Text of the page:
The First of the Summer Wine: Celebrating English Wine Week
The sun is finally shining, the clouds are finally parting and the chill riding every gust of wind is finally drifting away, which can mean only one thing; it’s time to enjoy some wine.
This is only enforced by the fact that we are currently within English Wine Week. What better time to savour a Sauvignon Blanc? Why not please the palate with a Pinot Noir? Who can say no to a sumptuous glass of something sparkling? No one, that’s who, and we Brits know how to handle our wine.
True, we’ve only been known to tackle sparkling wine for the last few decades (not to mention the shoddy label of ‘English wine’ for a lot of swill) but the times have been changing. Most likely due to the rising global temperatures, Britain is now not only capable of creating bonafide wines but beautiful ones at that that have been recognised across the word for their rich flavours, delectable tastes and overall boldness. And at the end of the day, isn’t that what we Brits are known for?
Okay, perhaps that’s a bit of a stretch given the times, but since it is English Wine Week we can at least attempt to recall our glory with a few glorious wines. That’s why I’ll be looking at some the finest examples of English wine available today, as well as some suggestions for what dishes they can enrich with their presence and some spots to visit that offer both, just for good measure.
But first let’s begin with a little bit of history. It was the Romans who brought wine making it England, which on its own shouldn’t be too startling a reveal, but what is startling is their determination. They attempted to establish vineyards as far north as Lincolnshire and most of these ventures were failures, though 40 remained when the time of the Normans came around, primarily being used for communion wine. From that point onwards, England has enjoyed a modest reputation as a fairly good wine maker but it was in the 50’s that we began to pick up the pace, with the oldest vines still producing commercial wines being planted at Lackham College in Lacock. The 70’s saw temperatures escalating and conditions improving for high quality wine, and since then British wine has slowly been on the rise.
Now, let’s start with a surprise story, which comes in the form of the 2015 Bolney Wine Estate Pinot Noir. Available from the Waitrose Cellar, this medium-bodied red is somewhat of a shock due to the almost impossible task of producing a good red wine in the UK. This example shines through though, having won several awards for its strong taste of cherries and toasted oak. I’d say it goes best with venison, most notably with a venison and mushroom stroganoff. The wine accents both of the main ingredients and the heartiness of the dish merits liberal intakes of this wine, generally creating a scrumptious dining experience.
Moving onto a fine example of British white wine, the 2015 Denbies Noble Harvest is not so much pristine white as it is indulgently gold. Made with hand-picked Ortega grapes, the Denbies Noble Harvest 2015 is a rare addition to this list that offers flavours uncommon in many other whites. Enchanting with its tones of nectarines and dried apricots, this wine is certainly sweet enough to be called a treat. I could easily say that this wine is good enough to simply enjoy on its own, but for those looking to enhance the experience it pairs perfectly with an platter of savoury nibbles and bites, such as with a course duck and orange pate, Stilton cheese, grapes and slightly toasted sourdough and Melba toast on the side.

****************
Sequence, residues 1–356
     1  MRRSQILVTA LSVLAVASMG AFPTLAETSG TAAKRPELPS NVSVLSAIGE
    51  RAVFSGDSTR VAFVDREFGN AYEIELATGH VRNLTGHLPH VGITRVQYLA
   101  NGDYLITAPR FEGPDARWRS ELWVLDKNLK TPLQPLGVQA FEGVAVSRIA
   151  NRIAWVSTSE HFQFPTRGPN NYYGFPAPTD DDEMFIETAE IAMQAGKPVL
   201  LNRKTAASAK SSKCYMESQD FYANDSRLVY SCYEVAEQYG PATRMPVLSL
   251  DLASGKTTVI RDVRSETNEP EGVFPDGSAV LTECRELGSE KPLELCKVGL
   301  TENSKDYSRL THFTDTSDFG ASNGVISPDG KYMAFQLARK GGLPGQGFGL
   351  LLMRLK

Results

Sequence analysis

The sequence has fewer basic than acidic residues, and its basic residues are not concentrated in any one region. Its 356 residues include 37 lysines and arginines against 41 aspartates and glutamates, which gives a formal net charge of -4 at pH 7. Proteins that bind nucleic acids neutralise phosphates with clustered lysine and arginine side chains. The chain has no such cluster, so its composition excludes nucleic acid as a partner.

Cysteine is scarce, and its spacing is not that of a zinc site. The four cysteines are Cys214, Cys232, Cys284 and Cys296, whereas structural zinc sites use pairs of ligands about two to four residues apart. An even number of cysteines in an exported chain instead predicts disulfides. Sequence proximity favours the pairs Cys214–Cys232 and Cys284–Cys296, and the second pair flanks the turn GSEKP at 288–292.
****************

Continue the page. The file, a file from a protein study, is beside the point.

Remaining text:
Last but not least we have the 2016 Oxney Organic English Pinot Noir Rose, yet another inclusion that has basked in a wealth of awards. Positively overflowing with the tastes of an English summer, this deliciously delicate wine simply exudes the aromas of raspberries and strawberries and, much like both prior examples, can easily be enjoyed by itself chilled whilst soaking up the sunlight. A divine pairing with this lusciously light wine though would be a creamy seafood risotto, or for those seeking something feather light, an invigorating seafood based salad.
Of course, even amidst the celebration of this week one can’t be expected to simply purchase a bottle of wine a day, especially with the slightly high (albeit merited) prices of these British beauties, though there’s always the delightful alternative of sampling such marvels when dining out. This is where Gourmet Society members can truly be in their element, visiting wonderful venues all over the country where the wine flows like water and the savings on food will encourage your glass to keep filling up.
Those in the London area may wish to visit the charming Pall Mall Wine, a mere stone’s throw from Trafalgar Square this modest spot is warmly welcoming and a cosy spot from which to while away a few hours with good food, good wine and good company. Another fantastic city centre location would be the elegant Wine Bar at 23 Grosvenor Gardens, a truly stunning venue for special dining experiences as well for some casual repose with a few of the eclectic wines available.
A handful of choices outside of London include the tantalising Caviars, a magical spot in Bawtry that’s beautifully decorated and serves an exquisite ensemble of contemporary dishes that each have wonderful wine pairings, as well as the homely Le Mistral, a comfortable venue that puts the focus on French fare and excellent wines.
Wherever you may be when enjoying English Wine Week be sure to treat yourself to anything that takes your fancy, and be sure to give us Brits a chance when sampling some sumptuous wines.
Have a favourite English wine you’d like to tell us about, or anywhere that serves a great collection? Why not let us know in the comments section below or via Facebook and Twitter? And be sure to check out the rest of the gourmet goodness on the Gourmet Society blog!
By Tom Simpkins